Get your Health question answered in 3 easy steps
A Doctor will be with you shortly
Ask a Doctor Now
152 Doctors are Online

Suggest treatment for depression and will taking Cymbalta help?

User rating for this question
Very Good
Answered by

Addiction Medicine Specialist
Practicing since : 2002
Answered : 1486 Questions
Hi Dr, I am trying to figure out what medicine might break through this ongoing depression. I have tried some other Medes such as Viibryd, gabapentin, prozac, Effexor, and have not had any success. My blood work has been a little dysplastic but not alarmingly so. Sometimes RBCs run low but also go up and down normal. As you can see I'm on 90mgs of cymbalta mainly for pain but it does help with the depression some. Any ideas?
Posted Thu, 23 Jan 2014 in Depression
Answered by Dr. Preeti Parakh 45 minutes later
Brief Answer: Hike up Cymbalta and also augment. Detailed Answer: Hi XXXXXXX Welcome to Healthcare Magic! It appears that your depression has continued for more than a few months now and you have tried many medicines without complete remission. Since you have found some benefit with Cymbalta (duloxetine), in my opinion, it should be continued but at a higher dose for maximum response. Your dose can be hiked to 120 mg per day in two divided doses if your doctor agrees. This dose has been tried in many studies and found to be safe. If even hiking the dose does not bring you remission from depression, then a combination of drugs should be tried. The response from duloxetine can be augmented by adding other antidepressants like trazodone, mirtazapine or tricyclic antidepressants like amitryptiline, depending on what is likely to suit you. Another policy is to add lithium, buspirone or thyroid hormone to augment the anti-depressant. It is usually seen that addition of an augmenting agent helps in controlling depression and attaining remission. If you wish you can start cognitive behavior therapy or other psychotherapies along with your medicines for better results. If nothing works, there is always the option of electro-convulsive therapy which, in my experience, give miraculous results when everything else has failed. Apart from adding a second drug, there is also the option of switching from duloxetine to other anti-depressants that you have not tried so far. Zoloft, Paxil or Lexapro may be tried. But since you mention that duloxetine has brought you some relief, I feel that it would make sense to continue it and try to augment its response. I hope this helps you. Please feel free to ask if you need any clarifications. Best wishes. Dr Preeti Parakh MD Psychiatry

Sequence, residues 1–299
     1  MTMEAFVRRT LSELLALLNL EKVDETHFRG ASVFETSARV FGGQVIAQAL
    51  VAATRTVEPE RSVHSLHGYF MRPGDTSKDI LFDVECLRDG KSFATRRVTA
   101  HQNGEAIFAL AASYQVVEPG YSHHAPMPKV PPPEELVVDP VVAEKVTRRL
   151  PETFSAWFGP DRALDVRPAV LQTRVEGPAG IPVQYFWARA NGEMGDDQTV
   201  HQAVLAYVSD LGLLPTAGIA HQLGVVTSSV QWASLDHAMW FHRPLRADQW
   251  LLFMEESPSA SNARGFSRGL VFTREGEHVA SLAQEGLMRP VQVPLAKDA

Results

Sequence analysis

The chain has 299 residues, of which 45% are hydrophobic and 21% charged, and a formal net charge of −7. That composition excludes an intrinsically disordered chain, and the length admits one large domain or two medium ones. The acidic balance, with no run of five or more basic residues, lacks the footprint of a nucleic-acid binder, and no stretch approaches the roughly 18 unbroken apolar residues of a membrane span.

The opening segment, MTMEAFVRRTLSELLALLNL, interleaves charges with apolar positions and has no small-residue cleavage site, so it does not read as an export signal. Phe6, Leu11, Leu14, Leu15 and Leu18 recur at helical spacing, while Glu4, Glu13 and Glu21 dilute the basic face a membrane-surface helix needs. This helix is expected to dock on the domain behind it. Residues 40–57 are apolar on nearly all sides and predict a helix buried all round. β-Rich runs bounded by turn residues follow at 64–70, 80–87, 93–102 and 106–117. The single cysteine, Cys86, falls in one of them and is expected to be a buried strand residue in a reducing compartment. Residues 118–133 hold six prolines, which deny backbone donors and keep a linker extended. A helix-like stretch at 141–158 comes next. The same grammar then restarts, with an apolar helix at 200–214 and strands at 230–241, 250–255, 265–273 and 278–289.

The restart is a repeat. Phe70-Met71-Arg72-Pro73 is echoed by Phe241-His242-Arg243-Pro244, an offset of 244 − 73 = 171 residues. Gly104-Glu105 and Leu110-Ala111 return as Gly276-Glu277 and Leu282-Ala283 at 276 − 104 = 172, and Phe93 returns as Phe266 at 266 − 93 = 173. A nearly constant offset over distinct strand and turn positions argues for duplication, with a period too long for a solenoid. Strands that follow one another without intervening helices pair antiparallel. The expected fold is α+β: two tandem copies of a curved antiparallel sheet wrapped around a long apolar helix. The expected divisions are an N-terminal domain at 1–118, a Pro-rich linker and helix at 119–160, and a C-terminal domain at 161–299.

Above answer was peer-reviewed by
Follow-up: Suggest treatment for depression and will taking Cymbalta help? 9 hours later
What do you mean augment? With what? Hike the what level? Im on 90mgs.
Answered by Dr. Preeti Parakh 44 minutes later
Brief Answer: Explained below. Detailed Answer: Hi XXXXXXX As I mentioned earlier, Cymbalta (duloxetine) can be hiked up to 120 mg per day. Augmentation is a strategy used for deriving the best possible response from an anti-depressant. It is done by adding a second drug to the anti-depressant, which may be: a) another antidepressant with a different mode of action, like trazodone, mirtazapine, tricyclic antidepressant etc b) lithium or lamotrigine c) buspirone d) thyroid hormone e) antipsychotic medicines in low dosage Augmentation can be considered if hiking the dose of Cymbalta is not enough. Best wishes. Dr Preeti Parakh MD Psychiatry
Above answer was peer-reviewed by
Share on Facebook
Share on Twitter
Share on Google+
Question is related to

The user accepted the expert's answer

Ask a Psychiatrist

© Ebix, Inc. All Rights Reserved.
All the information, content and live chat provided on the site is intended to be for informational purposes only, and not a substitute for professional or medical advice. You should always speak with your doctor before you follow anything that you read on this website. Any health question asked on this site will be visible to the people who browse this site. Hence, the user assumes the responsibility not to divulge any personally identifiable information in the question. Use of this site is subject to our Terms & Conditions
Already Rated.
Your rating:

Ask a Doctor